hackTECH: Intel's First Major League Hackathon

hackTECH, Intel's First Major League HackathonhackTECH: Intel’s First Major League Hackathon

Hailed as the largest ever hackathon on the west coast, hackTECH ran from Friday January 24th at 9:00 P.M. to 4:00 P.M. on Sunday.  Approximately 1500 students (registered, more like 1200 in actual attendance) from over 50 schools created projects using the APIs and tools offered by the many sponsors, including the XDK from Intel.

This event was highly competitive, with over $20,000 in prizes.  As part of the Major League Hackathon series orchestrated by HackerLeague, students also earn points for their school in a league-wide leaderboard posted on http://mlh.io.

Intel’s Presence

Intel employees Brad Hill and Paul Steinberg represented the company, assisted by our first Student Representative Michial Green.  Along with Mashery’s Cheston Contaoi, we gave a limited-admission half-hour tech talk to 25 of the attendees, running down the benefits and basic usage of Mashery APIs and the Intel XDK

We split the lowest-cost tier of sponsorship with Mashery, allowing us to award our own prizes to teams that used our technologies.  There were 5 teams (total 11 people) who used the XDK, and 6 teams (16 people) who used Mashery’s APIs.

The XDK in Application(s)

Of the 5 teams that used the Intel XDK, the winning app was “Hauller me” by Jordan Banafsheha, Hemanga Krishna Borah, Rezaul Akram and Akshay Satish.  This app would allow users to place a request for moving vehicles (trucks, vans, etc.) and receive offers from drivers whose credibility is verified by recorded experience.  The members of this team were awarded a Samsung Galaxy Tab 3 each.  They were also judged to have the best implementation of Mitek’s mobile document capture technology for obtaining driver information from licenses.

A single-person team took the XDK 2nd place; Kristin Clemens worked tirelessly on a movie trailer discovery/consumption app using the RottenTomatoes API through Mashery.  This innovative app would allow users to browse and enjoy high-rated trailers as well as those that are trending.          

3rd place went to Aaron Harris and Joaquin Beltran, whose app “Pushpins” would use Pinterest’s abstract interest inference to glean information about what users actually care about, connecting with other social media and notifying users of events and updates related to their interests.

The System is Down

The biggest issue we faced was something to be expected in such a large, tech-heavy crowd: the internet was heavily bogged down, overloading available routers.  Even when more connectivity was provided, the massive drain on the network made it nearly prohibitive for most applications, including those necessary for the event to function smoothly.  With people watching videos, downloading samples, and using web services, likely connected on two devices for every one person, there was little that could be done to sufficiently supplement the bandwidth.  The main obvious solution would be selecting a very well connected venue that could support such a huge task.  Another approach would be supplying a number of mobile hotspots for use with our tools; it would be costly, but we would be the heroes of the day.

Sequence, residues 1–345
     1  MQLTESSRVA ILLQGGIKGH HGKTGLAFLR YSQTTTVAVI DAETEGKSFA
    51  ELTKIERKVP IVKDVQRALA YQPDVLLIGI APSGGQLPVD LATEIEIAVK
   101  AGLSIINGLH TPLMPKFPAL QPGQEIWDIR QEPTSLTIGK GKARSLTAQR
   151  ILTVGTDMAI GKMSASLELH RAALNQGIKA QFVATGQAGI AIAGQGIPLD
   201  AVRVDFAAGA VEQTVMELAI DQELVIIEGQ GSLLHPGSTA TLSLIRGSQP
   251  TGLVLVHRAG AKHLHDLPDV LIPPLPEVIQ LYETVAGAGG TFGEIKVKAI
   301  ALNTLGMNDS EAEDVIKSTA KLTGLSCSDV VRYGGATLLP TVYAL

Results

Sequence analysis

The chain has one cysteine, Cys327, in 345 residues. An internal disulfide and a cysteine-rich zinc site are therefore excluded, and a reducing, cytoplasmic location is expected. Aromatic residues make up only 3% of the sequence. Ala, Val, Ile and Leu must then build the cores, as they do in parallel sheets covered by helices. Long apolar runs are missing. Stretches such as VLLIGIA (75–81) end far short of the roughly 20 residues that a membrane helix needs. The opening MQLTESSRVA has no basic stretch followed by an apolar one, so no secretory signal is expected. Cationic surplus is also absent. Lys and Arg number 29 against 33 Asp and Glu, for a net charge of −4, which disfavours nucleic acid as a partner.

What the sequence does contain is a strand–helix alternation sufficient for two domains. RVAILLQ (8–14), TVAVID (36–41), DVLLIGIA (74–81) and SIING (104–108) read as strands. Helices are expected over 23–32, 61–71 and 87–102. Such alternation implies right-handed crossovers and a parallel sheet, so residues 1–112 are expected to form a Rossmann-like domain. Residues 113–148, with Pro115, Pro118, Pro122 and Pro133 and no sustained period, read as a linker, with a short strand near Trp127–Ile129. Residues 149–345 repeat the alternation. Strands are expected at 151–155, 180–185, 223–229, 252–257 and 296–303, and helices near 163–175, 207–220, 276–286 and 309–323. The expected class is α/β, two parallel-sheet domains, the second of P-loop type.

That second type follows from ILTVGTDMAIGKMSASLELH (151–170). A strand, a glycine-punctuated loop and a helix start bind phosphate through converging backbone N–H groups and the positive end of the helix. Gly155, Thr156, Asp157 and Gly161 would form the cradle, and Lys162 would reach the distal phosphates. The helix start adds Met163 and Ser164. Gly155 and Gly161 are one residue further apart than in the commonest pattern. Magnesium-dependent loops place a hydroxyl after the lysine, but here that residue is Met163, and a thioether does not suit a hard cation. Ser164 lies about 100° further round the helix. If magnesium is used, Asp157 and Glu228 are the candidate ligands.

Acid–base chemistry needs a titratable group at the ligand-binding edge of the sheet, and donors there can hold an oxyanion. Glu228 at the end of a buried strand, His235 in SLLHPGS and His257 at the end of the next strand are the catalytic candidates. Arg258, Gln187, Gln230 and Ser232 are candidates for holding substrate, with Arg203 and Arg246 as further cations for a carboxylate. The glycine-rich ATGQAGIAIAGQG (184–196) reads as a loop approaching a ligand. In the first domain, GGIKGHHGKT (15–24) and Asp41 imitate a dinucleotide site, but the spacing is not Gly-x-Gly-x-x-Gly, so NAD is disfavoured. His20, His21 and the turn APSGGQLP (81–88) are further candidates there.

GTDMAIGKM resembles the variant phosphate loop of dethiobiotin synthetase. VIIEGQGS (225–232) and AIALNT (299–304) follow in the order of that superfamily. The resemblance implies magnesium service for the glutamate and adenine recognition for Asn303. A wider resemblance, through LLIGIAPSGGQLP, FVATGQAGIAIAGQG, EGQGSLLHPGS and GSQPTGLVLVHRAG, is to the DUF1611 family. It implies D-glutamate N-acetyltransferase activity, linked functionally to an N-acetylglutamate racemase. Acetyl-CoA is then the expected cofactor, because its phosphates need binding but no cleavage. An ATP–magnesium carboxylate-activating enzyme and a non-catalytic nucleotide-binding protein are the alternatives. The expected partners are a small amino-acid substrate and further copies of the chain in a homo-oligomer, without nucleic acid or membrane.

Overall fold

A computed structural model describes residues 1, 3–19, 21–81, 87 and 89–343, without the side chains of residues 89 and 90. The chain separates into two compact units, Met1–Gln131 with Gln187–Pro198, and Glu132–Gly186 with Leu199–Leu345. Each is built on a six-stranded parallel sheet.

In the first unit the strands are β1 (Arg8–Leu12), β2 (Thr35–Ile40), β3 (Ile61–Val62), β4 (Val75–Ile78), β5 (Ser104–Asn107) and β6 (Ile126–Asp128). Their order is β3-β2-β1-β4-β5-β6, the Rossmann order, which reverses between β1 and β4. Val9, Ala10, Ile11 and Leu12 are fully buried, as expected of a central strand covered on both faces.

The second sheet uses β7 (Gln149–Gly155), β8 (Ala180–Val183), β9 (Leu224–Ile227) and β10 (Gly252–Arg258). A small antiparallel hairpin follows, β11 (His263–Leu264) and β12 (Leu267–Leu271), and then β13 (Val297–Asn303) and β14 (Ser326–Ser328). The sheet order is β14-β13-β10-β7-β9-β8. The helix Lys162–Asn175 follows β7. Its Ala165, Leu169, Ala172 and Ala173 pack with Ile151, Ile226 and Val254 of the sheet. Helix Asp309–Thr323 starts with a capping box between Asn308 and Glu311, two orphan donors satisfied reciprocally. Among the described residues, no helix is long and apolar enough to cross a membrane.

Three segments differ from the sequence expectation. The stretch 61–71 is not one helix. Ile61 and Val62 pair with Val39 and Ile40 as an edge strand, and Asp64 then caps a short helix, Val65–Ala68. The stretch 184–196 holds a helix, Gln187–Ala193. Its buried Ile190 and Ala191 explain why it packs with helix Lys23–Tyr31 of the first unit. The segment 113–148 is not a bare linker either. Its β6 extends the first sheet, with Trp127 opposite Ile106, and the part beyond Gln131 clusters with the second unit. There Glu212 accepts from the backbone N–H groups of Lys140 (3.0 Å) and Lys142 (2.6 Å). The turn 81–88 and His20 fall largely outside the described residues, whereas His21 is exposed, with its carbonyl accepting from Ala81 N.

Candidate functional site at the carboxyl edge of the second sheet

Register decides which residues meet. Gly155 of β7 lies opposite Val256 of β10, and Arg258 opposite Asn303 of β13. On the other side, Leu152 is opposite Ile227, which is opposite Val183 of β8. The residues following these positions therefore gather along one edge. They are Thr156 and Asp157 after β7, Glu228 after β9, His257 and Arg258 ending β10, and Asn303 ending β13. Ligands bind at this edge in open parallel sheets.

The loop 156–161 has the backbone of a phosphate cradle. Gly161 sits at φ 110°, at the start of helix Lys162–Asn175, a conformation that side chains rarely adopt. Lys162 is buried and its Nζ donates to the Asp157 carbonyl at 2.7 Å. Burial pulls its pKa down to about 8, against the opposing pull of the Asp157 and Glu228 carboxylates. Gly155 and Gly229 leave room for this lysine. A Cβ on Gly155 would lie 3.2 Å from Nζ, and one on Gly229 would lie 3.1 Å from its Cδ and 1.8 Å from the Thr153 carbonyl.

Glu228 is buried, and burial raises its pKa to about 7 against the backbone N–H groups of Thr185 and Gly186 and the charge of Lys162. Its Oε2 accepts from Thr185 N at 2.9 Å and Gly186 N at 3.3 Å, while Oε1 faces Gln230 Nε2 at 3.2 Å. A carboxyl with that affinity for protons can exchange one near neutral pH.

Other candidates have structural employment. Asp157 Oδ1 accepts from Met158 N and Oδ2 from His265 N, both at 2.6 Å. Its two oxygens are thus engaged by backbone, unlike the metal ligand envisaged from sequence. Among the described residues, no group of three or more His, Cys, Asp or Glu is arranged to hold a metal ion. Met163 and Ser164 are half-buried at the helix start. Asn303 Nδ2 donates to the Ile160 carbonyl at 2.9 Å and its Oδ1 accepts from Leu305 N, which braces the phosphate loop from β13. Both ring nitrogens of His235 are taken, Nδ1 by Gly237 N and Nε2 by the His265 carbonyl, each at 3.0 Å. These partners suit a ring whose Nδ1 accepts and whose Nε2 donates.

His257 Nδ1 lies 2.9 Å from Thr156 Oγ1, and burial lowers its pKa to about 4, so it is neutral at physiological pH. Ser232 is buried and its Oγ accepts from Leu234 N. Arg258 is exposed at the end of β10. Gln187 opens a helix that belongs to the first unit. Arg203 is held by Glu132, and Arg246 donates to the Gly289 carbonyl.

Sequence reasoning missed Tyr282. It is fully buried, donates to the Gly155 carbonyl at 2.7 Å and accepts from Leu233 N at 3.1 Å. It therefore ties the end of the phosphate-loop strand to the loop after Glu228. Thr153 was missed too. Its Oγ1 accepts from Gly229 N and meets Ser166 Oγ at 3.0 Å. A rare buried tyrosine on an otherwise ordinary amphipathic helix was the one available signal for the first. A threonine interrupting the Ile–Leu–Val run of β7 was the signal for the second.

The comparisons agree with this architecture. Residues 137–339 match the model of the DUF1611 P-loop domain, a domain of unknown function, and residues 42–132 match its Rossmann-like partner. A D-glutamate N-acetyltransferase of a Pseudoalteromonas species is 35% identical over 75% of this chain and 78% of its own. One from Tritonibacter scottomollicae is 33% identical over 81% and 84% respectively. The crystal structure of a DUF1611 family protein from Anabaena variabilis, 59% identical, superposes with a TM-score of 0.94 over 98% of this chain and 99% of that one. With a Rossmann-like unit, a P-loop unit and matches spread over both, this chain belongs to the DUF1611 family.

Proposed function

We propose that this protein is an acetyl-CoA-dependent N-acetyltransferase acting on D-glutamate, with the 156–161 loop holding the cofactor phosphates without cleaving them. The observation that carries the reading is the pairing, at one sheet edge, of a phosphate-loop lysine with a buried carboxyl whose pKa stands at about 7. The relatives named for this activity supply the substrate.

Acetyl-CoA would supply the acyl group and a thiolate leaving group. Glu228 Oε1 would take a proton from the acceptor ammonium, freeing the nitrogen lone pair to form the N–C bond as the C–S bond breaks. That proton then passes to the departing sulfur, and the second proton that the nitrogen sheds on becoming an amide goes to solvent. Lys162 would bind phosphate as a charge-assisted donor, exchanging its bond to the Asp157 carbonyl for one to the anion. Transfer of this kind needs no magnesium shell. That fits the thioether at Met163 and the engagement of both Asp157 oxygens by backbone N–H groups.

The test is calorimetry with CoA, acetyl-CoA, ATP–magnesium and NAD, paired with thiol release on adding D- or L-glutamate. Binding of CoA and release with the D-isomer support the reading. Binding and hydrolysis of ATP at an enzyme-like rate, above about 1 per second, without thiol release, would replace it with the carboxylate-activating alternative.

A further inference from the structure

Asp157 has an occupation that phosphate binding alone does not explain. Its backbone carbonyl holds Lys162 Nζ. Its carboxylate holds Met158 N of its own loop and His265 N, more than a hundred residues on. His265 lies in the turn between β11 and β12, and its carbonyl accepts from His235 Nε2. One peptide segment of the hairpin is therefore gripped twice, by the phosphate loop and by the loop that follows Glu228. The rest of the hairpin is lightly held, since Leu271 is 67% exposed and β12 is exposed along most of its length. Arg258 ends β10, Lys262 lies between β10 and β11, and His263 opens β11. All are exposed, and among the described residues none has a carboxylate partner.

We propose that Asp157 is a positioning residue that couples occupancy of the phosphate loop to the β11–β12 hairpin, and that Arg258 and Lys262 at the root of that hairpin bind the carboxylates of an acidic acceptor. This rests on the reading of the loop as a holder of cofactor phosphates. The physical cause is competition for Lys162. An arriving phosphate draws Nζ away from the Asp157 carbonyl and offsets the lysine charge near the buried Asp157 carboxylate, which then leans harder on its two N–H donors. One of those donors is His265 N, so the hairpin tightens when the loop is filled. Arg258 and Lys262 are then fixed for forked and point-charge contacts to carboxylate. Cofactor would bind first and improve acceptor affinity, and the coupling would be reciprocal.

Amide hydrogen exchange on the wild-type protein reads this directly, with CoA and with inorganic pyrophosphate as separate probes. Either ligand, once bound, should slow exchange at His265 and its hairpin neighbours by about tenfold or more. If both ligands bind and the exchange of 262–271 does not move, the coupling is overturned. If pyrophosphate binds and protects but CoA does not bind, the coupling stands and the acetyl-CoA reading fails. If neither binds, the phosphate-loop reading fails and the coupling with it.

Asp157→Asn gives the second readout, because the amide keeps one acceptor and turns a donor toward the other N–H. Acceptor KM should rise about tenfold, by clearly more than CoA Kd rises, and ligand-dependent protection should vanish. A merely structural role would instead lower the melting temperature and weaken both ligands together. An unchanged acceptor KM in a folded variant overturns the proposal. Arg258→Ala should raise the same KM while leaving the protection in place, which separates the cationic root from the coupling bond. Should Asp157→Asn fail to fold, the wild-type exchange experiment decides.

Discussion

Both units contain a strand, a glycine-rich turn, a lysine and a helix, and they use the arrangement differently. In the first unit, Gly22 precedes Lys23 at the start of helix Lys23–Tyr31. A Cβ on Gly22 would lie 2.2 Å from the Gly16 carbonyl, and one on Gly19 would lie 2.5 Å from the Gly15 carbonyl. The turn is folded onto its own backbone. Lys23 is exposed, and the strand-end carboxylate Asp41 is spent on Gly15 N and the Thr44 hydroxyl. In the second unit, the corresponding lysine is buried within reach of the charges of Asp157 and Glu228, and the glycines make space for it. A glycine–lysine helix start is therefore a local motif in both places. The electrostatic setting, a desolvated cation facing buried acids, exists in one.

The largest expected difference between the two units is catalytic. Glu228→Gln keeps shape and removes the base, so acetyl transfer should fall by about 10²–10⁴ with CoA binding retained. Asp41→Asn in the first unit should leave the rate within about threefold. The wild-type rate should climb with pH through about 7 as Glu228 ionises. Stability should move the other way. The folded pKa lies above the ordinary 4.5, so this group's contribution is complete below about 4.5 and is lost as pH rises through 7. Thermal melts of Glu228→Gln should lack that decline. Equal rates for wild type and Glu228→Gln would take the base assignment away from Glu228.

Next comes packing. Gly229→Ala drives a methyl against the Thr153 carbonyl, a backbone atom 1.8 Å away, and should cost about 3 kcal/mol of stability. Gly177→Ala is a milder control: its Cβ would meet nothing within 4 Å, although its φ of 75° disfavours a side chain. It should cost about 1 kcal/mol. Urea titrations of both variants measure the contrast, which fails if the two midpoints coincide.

Lessons Learned

Being the first Major League Hackathon Intel has sponsored, we attended with the aim of learning how to be successful in this environment.  Our previous experience has been with smaller events that use a collaborative approach to emphasize learning.  With this being a large competition, the focus is on the students demonstrating development skill.

Rather than having the market cornered in regards to the technology used, this environment requires more aggressive marketing of our tools.  Usually, we are there to guide them in learning and using our products, but here we need to sell them on it first. The participants need to know we are there and our products can help them win. 

The first point, visibility, would have been greatly aided by corporate and topical signage.  Having flyers and reference materials for our tools would also be beneficial.  Regarding swag to give away, blankets would be a hit at any overnight event, doubly so for those over two nights like this was.  If we provided USB flash drives that already had our tools’ install packages and a copy of the documentation, they would get into as many hands as we had units; everyone likes having another free flash drive, and this removes another barrier to entry- the pesky download (especially if network problems arise again).

As for convincing the participants to use our tools, Cheston from Mashery set a good example- beyond presenting at the opening and assisting anyone who comes to the table, he made rounds among the groups to create connections and identify places Mashery’s APIs could be used when the participants themselves might not have noticed or considered it.  This proactive approach seems commonsense in retrospect, but we had not been prepared to do so at the time.

The official site of the hackathon is http://hacktech.io, but more information is available at Cheston’s Mashery blog post http://masherydev.tumblr.com/post/75012379237/1200-developers-hit-the-west-coasts-biggest-collegiate

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